The stored nut moth is a small, slim brown moth native to Southeast Asia but is spreading due to international trade. Its larvae feed on a range of oily seeds like walnuts, almonds, and soybeans.
Sawtoothed Grain Beetles
Sawtoothed grain beetles are very small, reddish-brown to dark chestnut beetles.
If you look at them with a magnifying glass you will recognize them by the sawtooth-like spikes on either side of their middle or thoracic section. Both the adults and grubs are voracious feeders on grains, cereal products, and nuts.
Merchant Grain Beetles
Merchant grain beetles are small, reddish-brown to dark chestnut relatives of sawtoothed grain beetles, and also have saw-toothed thoracic spines. They will consume a wide variety of dry vegetable products including grains and nuts.
Red Flour Beetles
Red flour beetles are tiny, flat-bodied, fast-scurrying, dark reddish-brown beetles.
Both adults and grubs have rather weak jaws, so they feed on damaged grains or milled grain products like flour. However, they can also infest packs of nuts that contain crushed or broken pieces, and packages of nut flour.
They have a distinct, unpleasant medicinal odor and foul the flavor of food, and this can cause stomach upsets if the food is eaten.
Because adult red flour beetles are highly active and are good fliers, they can spread easily all around your kitchen and even invade from outside.
Confused Flour Beetles
Confused flour beetles are a relative of the red flour beetle, and at first glance they look and behave exactly alike.
You can only tell them apart by looking closely with a magnifying glass or microscope, and their similarities often confuse entomologists, thus their name. Like red flour beetles, confused flour beetles not only contaminate their food, they also give off a bad, medicinal odor and foul the flavor of food.
Bean weevils are a family of tiny, round-bodied beetles that infest the insides of seeds like beans and nuts. An adult will lay its eggs on a bean or nut, and the larvae upon hatching dig their way in where they will spend most of their lives, emerging only to breed.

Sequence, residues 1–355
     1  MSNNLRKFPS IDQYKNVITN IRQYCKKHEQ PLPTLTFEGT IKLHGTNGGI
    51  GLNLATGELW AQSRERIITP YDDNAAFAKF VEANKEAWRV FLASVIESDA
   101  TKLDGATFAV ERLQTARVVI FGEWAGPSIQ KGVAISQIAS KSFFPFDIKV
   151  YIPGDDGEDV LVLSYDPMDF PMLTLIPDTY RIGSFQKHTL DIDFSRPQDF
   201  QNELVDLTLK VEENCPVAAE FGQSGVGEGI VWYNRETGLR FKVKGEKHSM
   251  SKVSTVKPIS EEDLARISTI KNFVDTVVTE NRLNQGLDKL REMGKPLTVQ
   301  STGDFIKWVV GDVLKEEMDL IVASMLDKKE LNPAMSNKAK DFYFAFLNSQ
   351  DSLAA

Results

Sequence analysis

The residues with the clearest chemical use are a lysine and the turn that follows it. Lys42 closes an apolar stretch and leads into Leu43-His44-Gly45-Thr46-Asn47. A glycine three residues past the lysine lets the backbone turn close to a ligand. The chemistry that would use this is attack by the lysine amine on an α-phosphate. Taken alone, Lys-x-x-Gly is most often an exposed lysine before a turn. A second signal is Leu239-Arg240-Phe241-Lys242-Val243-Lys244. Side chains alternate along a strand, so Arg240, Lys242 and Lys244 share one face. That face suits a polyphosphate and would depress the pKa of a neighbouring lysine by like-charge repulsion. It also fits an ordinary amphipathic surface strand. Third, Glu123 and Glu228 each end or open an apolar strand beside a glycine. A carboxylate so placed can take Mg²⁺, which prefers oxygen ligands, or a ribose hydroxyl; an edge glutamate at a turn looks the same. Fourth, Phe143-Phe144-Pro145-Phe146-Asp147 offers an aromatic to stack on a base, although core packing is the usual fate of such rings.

Bean weevils may occasionally be found inside nuts, but just as often what you’ll find are the hollowed-out nuts that remain after the adult insects have flown away.
Rice weevils are tiny, reddish-brown beetles with long snouts and pale spots on their wing covers.
Like bean weevils, most of the damage they cause is by their larvae dwelling inside grains and nuts. You may find nuts with larvae still inside, or the hollowed-out shells left behind when the rice weevils mature and fly away.
These insects are good flyers, and so able to spread out and infest new areas easily.
Drugstore beetles got their name from infesting various kinds of herbs back from when drugstores usually sold these instead of the processed and packaged medicines we now use.
Drugstore beetles are oval, light brown, or tan insects with no visible head, as their heads are hidden under the foreparts of their shells.
Drugstore beetles can easily chew their way through cartons, plastic bags, and even aluminum foil. Their infestations can be recognized by the multitude of small, round holes that the adults chew to exit from packages of food.
These beetles infest a very wide range of products, from dried herbs and spices to cereals, chips, and nuts. Most of the damage is caused by their larvae, as the adults eat little or not at all in their short lives. However the adults are strong flyers, so this pest spreads easily.
Cigarette beetles are relatives of drugstore beetles, and have digestions strong enough to consume tobacco despite the toxicity of nicotine.
However, they will also eat and contaminate a wide variety of foods such as grains and cereal products, coffee beans, spices, nuts, and dried fruits. They strongly resemble drugstore beetles, save for having a glossier shell.
Like drugstore beetles, they also have strong jaws and can chew through cartons and plastic bags. Infestations are easily recognized by the small, round holes the adults chew to exit from packages.
Khapra beetles are now considered one of the world’s worst insect pests, and some of the strict food importation laws in countries like Australia are aimed at preventing their introduction.
These beetles from India are oblong with brown, very hairy-looking wing covers and silvery markings. They consume grains and cereal products, dried fruits, nuts, and many other kinds of dried animal and vegetable products.
Cowpea weevils are oval, brown beetles with black spots on their wing covers and the rear of the abdomen, which sticks out beyond the wing covers. They infest a wide variety of legumes such as lentils, beans, chickpeas, and peanuts.
Warehouse beetles are small oblong beetles, dark brown with yellow or light brown markings on their wing covers. They are a highly common pest in the southern states.
They feed on many kinds of grain and cereal products, beans and nuts, but since their mouthparts are weak they will only go after milled products, or broken or crushed seeds.